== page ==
2015 | 46 | 2 | 246-261
Article title

Temporal Self-Extension: Implications for Temporal Comparison and Autobiographical Memory

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Research on temporal comparison has shown that people dissociate themselves from their past to attain a positive self view. Social comparison research has demonstrated that the distinctness of contextually activated information determines whether a recalled self exerts assimilation or contrast effects on the current self. However, hardly any study addressed individual differences. Also, very little is known about whether the ease or difficulty to date past events and experiences influences current self-judgments. We present a new scale capturing the degree of the current self time extension. Three studies support the notion that temporal self-extension determines how past selves are accessed and processed, regarding both the abstractness with which self-knowledge is retrieved and the experienced temporal distance to the past. These findings have important implications for temporal as well as social comparison processes.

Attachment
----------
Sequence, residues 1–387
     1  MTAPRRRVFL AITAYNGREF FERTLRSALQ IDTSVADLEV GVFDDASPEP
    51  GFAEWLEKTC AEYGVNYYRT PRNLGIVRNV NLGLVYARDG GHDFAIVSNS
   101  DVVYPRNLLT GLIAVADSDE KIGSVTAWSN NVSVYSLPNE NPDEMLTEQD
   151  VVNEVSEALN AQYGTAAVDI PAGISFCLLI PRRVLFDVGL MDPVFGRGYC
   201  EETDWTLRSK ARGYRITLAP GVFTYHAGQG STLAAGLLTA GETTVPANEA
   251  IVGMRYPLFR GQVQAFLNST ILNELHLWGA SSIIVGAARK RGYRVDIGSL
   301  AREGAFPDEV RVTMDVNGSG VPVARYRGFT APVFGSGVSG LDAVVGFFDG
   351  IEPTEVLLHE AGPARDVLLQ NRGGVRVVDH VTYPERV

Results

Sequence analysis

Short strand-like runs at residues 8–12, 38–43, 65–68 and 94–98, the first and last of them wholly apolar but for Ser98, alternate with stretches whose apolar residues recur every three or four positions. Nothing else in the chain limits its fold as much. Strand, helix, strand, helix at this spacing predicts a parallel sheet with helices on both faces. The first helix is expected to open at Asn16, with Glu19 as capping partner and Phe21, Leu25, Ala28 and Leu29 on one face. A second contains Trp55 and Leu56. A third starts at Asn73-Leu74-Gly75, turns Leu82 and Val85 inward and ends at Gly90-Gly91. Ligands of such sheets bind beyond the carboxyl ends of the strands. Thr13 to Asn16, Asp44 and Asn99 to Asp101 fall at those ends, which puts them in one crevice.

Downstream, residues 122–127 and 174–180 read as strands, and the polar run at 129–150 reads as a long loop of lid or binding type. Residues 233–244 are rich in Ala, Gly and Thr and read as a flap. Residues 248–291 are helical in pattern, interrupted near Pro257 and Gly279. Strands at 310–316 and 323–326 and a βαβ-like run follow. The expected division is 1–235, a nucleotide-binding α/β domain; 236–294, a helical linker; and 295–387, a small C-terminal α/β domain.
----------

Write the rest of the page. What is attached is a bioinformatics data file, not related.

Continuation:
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  • University of Tübingen, Germany
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